Winning trade of the week: front running the hedgies

From the great-idea-but-really-hard-to-implement:

comes a strategy to find profits by uncovering lesser known stocks before the big institutional investors come and plunk their money down on ’em — essentially front-running hedge funds.

By looking at stocks varying investor recognition, Sloan and Lehavy found 4 ways that recognition and stock prices are related

  1. security value is increasing in investor recognition
  2. expected return is decreasing in investor recognition
  3. the above two relations are increasing in a security’s idiosyncratic risk
  4. financing and investing activities are increasing in investor recognition


The researchers find that those stocks in the decile of  stocks with the highest change in institutional ownership generate size-adjusted returns of 14.4% whereas the lowest decile generates returns of –11.0%.


Well, this is all nice and dandy but actually applying this strategy is quite difficult. In fact, according to Empirical Finance (h/t for bubbling this paper up)

As amazing as these results are, they are of little use to the investor because the returns and the change in institutional ownership are occur during the same quarter.  That is, the investor won’t know which stocks have the highest change until after the 14.4% return has already been generated.

Nevertheless, it appears as if the gains in the owned stocks point to an underpricing in the market.  In addition to the issue of returns and ownership occurring in the same quarter, we still don’t know a whole lot about what constitutes investor recognition — how investors encounter stocks and continue to drink from a particular issue’s tradestream.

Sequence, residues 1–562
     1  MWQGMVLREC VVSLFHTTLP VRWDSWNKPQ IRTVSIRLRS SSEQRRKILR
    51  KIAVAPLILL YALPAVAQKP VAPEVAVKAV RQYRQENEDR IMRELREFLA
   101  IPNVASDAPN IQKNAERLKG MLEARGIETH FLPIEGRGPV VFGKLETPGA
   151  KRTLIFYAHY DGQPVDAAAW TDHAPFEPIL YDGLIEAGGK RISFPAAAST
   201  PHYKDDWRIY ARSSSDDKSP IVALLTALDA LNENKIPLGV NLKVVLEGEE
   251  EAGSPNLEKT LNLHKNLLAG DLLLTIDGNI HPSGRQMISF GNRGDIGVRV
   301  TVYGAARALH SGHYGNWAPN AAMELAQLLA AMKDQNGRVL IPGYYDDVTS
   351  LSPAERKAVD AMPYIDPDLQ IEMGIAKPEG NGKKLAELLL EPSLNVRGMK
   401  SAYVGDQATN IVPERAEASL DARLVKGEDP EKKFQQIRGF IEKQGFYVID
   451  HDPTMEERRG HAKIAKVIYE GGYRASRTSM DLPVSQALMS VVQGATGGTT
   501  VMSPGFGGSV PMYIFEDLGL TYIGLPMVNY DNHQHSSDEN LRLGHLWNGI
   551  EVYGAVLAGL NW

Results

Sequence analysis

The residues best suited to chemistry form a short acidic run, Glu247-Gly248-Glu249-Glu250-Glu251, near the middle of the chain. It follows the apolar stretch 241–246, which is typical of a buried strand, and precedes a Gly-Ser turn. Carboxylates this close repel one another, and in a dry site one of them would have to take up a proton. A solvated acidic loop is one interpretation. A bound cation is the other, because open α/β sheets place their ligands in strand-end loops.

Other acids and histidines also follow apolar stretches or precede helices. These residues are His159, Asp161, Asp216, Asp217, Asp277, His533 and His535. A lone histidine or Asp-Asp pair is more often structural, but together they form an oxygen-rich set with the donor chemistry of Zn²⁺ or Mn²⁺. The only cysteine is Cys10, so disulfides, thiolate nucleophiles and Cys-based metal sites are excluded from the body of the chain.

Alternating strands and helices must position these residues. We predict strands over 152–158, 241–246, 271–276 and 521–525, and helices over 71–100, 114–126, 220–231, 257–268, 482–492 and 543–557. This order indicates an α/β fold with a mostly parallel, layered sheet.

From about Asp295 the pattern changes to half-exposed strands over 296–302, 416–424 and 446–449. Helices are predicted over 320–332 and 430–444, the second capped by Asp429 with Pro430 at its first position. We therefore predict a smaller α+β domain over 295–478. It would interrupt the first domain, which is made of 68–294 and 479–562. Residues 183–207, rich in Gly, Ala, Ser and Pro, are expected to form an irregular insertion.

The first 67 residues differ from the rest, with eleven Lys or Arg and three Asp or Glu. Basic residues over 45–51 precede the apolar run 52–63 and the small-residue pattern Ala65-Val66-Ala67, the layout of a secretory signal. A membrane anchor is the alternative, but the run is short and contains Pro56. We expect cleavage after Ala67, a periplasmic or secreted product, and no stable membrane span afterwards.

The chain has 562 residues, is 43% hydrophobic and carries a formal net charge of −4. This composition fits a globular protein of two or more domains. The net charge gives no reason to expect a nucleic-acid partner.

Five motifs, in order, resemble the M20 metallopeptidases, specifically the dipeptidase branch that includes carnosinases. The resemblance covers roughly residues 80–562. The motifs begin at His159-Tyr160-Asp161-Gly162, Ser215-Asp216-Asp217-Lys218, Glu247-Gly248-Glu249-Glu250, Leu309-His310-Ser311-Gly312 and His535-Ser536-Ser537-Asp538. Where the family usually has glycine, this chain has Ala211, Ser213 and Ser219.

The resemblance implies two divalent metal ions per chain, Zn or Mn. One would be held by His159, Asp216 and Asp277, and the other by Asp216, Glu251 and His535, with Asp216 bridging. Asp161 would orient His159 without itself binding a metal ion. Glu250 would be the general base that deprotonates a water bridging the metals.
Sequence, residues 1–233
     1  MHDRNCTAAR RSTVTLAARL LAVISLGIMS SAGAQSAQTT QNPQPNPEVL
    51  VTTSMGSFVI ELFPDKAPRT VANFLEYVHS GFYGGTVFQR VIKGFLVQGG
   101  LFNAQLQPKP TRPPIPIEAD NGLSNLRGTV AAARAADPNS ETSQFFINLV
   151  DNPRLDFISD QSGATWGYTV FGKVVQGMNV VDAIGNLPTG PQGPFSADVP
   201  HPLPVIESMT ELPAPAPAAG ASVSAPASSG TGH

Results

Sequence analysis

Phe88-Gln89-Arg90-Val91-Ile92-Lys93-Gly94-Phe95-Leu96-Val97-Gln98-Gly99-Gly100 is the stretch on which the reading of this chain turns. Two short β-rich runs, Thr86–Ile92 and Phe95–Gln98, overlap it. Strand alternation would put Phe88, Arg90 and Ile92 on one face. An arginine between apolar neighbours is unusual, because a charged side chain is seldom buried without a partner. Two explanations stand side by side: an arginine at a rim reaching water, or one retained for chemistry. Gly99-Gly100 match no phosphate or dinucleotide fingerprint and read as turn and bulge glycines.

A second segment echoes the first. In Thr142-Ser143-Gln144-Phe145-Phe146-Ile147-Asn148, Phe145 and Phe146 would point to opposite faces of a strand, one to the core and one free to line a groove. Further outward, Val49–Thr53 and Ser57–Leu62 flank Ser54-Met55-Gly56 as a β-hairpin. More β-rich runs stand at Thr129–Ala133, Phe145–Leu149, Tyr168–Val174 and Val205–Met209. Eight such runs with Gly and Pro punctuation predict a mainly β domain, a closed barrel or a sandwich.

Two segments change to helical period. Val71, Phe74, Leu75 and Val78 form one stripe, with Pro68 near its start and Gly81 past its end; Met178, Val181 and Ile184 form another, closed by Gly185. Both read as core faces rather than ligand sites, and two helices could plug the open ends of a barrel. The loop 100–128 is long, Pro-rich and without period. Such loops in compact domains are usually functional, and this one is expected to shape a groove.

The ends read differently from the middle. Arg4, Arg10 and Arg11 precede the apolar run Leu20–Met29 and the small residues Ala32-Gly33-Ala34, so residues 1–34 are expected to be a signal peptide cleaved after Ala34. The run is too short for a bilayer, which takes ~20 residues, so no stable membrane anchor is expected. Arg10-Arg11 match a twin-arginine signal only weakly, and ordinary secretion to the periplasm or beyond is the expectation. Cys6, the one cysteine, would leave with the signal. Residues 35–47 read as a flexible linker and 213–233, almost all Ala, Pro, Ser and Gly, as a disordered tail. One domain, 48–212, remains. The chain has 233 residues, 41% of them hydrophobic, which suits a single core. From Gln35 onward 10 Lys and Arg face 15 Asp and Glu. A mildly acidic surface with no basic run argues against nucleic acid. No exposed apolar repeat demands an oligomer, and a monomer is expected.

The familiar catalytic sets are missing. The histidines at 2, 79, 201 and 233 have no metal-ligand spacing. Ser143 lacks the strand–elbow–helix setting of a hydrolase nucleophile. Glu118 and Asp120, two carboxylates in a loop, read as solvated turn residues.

How investors discover new opportunities

  1. David Jackson, founder of Seeking Alpha, always believed that investors would encounter smaller companies by way of researching their bigger competitors. In fact, we launched an advert product that enabled smaller companies and their IR firms to target investors researching larger ones.
  2. Companies like StockTwits provide an opportunity for investors to discover lesser-known stocks residing in the long tail.
  3. Peter Lynch, the scion of buy-what-you-know investing, encouraged investors to buy the stocks of companies they’re familiar with.  As tragically hip companies like Skullcandy and Pandora ready to IPO, investors are given opportunities to invest in firms that make products they use daily.
  4. creating backtested strategies that piggyback guru investors a la AlphaClone is something I’ve spoken about a lot on this site (and in my book) — though this helps less if you’re trying to find firms not widely owned on the Street

Regardless, with social media, the dissemination of good ideas in lesser know companies will be something studied, analyzed, and made profitable.  Good times.

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